What a stinker! The summer that is… With these above average temperatures, lets hope it’s building for a reasonable wet season, but I’m not holding my breath too much.
Offshore reports have been a little sparse, with some good captures of red emperor and red-throat at night but only slow reports of trout during the day. It can be a funny time of year to fish the reef, as any northerly influence can slow the fishing substantially. Night time is by far the best time to fish summer out wide, but beware the storms and strong north westers coming out of nowhere.
Inshore reports suggest that grunter and threadfin have been around in reasonable numbers and golden snapper (fingermark) have been a little slow so far. The channel has had some very patchy golden snapper captures in the past couple of months, which suggests most fish have moved out to deeper headland waters and are best targeted at night. Live squid and herring are number no. 1 baits for this species and can be easily caught at your fishing spots with the aid of a squid light.
An influx of baby sharks have also been harassing local fishers but this can be quite common this time of year, but I must say the numbers have boomed on previous years. The adult whaler species have boomed too, with many northern fishers both inshore and out wide complaining about them taking fish and I must agree as we have lost several big salmon to them in recent months.
It might be time Queensland fisheries looks into why the sudden boom in shark numbers over recent years has occurred and what sort of affects it could have on the fishery if the rising trend continues.
During February the main species on anglers lips will obviously be the barra, with the season re-opening on 1 February. Anglers will no doubt start descending on the local area again smashing the water to froth, but what sort of season we are going to have is a little too early to predict at the moment. If we get some good rains, then things will slow up in the short term but will be good for the following months.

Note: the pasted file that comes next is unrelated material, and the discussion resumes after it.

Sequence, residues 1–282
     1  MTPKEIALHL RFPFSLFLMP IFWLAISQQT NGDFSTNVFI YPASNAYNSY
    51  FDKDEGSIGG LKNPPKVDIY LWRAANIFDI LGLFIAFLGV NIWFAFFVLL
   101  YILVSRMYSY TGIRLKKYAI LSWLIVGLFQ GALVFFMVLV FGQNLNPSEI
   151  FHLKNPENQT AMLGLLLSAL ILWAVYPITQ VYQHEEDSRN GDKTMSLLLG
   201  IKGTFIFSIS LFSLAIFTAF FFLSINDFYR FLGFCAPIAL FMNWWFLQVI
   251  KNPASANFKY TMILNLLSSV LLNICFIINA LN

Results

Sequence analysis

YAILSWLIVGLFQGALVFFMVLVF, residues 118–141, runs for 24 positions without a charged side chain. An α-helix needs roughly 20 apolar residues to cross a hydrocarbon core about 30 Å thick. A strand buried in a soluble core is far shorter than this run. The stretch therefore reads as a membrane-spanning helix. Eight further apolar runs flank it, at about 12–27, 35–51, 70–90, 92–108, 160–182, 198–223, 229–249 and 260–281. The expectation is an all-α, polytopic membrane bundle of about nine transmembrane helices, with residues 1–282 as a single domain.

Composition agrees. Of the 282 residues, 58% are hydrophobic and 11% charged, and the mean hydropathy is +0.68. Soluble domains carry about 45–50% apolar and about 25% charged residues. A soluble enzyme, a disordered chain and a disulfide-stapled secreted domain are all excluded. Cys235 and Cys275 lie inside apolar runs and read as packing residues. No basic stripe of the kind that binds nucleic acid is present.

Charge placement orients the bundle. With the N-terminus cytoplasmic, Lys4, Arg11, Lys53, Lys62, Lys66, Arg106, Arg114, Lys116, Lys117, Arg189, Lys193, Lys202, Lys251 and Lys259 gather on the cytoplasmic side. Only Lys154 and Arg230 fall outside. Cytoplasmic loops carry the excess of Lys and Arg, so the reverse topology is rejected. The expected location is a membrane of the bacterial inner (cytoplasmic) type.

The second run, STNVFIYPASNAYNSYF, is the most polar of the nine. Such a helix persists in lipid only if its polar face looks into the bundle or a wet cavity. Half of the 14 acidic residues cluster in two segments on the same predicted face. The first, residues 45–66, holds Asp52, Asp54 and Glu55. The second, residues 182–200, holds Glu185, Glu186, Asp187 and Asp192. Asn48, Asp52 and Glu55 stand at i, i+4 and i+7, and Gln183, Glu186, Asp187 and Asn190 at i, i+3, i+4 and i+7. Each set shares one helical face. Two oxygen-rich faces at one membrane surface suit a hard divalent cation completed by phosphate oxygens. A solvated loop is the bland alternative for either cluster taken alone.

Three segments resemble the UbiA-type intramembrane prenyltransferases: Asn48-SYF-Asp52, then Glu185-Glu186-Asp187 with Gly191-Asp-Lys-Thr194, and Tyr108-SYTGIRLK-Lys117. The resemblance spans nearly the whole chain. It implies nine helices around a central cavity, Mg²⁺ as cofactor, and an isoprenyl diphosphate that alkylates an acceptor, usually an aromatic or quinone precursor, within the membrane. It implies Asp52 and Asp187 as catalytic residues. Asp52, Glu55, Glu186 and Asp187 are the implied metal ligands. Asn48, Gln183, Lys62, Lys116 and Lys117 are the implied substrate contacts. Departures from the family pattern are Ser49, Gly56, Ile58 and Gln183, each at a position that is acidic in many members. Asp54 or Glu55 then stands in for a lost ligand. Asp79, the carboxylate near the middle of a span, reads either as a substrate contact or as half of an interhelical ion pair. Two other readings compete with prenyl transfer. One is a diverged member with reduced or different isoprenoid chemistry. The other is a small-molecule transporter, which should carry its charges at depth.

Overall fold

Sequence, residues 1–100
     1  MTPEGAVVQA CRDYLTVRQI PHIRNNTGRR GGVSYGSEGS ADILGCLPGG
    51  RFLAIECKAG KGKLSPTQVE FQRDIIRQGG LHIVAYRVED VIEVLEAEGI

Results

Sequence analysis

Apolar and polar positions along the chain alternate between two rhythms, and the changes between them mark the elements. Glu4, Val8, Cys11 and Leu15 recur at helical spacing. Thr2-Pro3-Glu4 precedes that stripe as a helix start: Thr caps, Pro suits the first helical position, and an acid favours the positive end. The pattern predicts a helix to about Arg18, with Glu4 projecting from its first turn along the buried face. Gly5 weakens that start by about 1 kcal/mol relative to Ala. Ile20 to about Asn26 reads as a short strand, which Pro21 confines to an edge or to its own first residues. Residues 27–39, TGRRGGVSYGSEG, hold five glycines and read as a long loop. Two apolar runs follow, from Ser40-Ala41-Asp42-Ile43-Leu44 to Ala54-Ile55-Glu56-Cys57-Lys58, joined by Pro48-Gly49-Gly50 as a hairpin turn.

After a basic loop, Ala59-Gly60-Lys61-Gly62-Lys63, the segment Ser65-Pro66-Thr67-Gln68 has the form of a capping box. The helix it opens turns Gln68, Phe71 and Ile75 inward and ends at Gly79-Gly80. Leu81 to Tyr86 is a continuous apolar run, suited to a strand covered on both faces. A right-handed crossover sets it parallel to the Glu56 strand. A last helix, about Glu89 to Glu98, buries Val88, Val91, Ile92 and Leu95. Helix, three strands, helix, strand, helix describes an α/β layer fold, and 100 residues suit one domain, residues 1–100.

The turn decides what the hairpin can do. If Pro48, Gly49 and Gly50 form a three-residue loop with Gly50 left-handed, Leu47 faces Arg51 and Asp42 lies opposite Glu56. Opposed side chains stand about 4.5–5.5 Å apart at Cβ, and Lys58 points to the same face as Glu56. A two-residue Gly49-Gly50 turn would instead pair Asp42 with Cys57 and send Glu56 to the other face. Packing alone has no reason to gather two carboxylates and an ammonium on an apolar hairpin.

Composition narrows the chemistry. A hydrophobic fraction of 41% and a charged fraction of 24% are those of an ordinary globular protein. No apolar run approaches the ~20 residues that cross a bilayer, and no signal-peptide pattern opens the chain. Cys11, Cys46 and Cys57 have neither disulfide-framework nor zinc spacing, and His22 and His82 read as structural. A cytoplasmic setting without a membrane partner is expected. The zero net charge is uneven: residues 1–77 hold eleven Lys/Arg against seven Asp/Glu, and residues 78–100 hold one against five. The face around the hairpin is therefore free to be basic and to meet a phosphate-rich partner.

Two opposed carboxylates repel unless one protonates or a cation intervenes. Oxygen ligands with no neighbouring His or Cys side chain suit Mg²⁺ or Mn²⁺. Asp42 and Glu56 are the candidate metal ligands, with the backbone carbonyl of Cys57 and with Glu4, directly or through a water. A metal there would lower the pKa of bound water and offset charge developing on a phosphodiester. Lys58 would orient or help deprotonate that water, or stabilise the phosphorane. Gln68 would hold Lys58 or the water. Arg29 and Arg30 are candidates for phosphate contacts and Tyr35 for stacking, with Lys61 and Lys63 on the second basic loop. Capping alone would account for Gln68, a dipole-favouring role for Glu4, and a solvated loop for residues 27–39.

During periods of fresh run-off, baitfishing can become difficult with baitfish becoming a little hard to catch. Only the very switched on will know where to find the bait when it gets like this. The best alternative is to target them with lures and Hinchinbrook has plenty of run-off areas and drain country that should work a treat. The run-off and drains will also suit the fly fishers too.
If the region is fresh affected then it also sometimes pays to look for backwaters that hold thousands of juvenile sards and mullet that are only 2cm long. The barra can quite often be seen engulfing mouthfuls of them as these tiny baitfish can get thick in these areas. Another tip is to look to the shallows during this time as well.
If you are struggling to catch a barra and just can’t put it all together then you can join the long list of anglers who are starting to fish smarter not harder by enrolling in our e-course Barra Basics. Enrolments for the next intake are available in early Feb so head over to www.barrabasics.com for more info.
If you would like to come up for a charter, unfortunately February to May is fully booked but I still a few gaps in September and October. Some good days are still available in the winter too, especially for golden snapper trips.
• If you would like to book a charter or join our fishing community for some great fishing competitions etc. head on over to www.ryanmoodyfishing.com. And you could also win a free charter drawn twice a year.Reads: 655